Based on a Special Session at the AMS Sectional Meeting in Las Vegas (NV) in April 2001, this volume discusses critical questions and new ideas in the areas of knotting and folding of curves in surfaces in three-dimensional space and applications of these ideas to biology, chemistry, computer science, and engineering. Some of the papers are primarily theoretical; others are experimental. Some are purely mathematical; others deal with applications of mathematics to theoretical computer science, engineering, physics, biology, or chemistry. Connections are made between classical knot theory and the physical world of macromolecules, such as DNA, geometric linkages, rope, and even cooked spaghetti. This book introduces the world of physical knot theory in all its manifestations and points the way for new research. It is suitable for a diverse audience of mathematicians, computer scientists, engineers, biologists, chemists, and physicists.If we tie a loose figure eight knot, and pull it tight, will we always end up with the same tight conformation? Here again, we have a clear answer for links: Some link types have different rope-length minimizing conformations; in fact, we can findanbsp;...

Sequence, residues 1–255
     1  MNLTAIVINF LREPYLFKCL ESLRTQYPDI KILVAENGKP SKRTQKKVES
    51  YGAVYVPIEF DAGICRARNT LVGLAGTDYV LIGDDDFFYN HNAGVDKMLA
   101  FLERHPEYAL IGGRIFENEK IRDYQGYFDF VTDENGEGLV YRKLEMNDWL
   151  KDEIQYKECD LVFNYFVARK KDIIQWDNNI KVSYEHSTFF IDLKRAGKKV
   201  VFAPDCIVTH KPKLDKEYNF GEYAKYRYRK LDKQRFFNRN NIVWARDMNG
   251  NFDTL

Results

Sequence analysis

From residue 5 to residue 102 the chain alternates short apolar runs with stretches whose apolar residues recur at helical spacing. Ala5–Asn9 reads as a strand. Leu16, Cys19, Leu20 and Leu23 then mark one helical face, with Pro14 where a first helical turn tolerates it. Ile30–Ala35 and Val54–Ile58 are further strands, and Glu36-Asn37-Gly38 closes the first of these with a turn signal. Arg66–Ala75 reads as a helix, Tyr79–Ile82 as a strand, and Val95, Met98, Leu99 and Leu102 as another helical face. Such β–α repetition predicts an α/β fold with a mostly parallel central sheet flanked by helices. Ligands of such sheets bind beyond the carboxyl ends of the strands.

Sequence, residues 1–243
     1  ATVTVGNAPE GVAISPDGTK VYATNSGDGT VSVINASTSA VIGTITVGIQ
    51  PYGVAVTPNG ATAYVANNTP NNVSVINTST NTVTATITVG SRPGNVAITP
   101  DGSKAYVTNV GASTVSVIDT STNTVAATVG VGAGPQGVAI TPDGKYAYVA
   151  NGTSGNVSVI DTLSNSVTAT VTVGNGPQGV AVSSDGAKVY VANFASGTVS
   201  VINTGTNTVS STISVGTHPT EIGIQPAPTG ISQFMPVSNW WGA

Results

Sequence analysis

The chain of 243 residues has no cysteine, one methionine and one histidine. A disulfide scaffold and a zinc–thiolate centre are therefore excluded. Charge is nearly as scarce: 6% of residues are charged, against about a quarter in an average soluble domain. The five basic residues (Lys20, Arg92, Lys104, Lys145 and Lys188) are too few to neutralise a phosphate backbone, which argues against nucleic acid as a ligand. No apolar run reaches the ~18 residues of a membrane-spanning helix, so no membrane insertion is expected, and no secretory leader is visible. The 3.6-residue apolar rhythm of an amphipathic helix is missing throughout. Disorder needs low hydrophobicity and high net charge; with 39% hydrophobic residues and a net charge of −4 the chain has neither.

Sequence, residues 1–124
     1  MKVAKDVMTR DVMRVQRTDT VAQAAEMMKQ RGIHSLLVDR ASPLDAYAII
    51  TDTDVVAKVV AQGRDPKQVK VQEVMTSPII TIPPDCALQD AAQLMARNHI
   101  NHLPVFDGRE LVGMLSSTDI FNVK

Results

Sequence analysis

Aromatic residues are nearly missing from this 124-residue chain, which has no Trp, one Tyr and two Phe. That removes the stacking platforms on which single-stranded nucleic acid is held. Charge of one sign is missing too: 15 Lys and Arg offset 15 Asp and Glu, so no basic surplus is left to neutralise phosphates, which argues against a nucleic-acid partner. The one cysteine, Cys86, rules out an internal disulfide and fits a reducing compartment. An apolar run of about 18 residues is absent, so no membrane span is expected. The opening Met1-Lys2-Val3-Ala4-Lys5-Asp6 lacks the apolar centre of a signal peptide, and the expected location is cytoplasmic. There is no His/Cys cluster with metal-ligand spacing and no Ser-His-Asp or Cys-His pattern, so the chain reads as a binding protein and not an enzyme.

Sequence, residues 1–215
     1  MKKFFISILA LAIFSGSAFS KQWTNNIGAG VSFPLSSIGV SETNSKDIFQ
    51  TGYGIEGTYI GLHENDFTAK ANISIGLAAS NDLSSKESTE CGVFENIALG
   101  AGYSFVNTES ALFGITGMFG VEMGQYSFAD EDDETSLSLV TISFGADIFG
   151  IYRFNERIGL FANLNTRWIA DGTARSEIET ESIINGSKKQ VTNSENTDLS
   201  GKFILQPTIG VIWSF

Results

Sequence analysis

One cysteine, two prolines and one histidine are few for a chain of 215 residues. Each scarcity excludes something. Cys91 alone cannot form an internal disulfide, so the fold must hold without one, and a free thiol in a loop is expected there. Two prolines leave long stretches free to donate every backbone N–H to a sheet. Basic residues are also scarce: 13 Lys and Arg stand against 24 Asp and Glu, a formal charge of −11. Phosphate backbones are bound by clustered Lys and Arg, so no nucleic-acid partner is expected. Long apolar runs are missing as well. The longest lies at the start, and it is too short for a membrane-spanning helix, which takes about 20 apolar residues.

|Author||:||Jorge Alberto Calvo, Kenneth C. Millett, Eric J. Rawdon|
|Publisher||:||American Mathematical Soc. - 2002|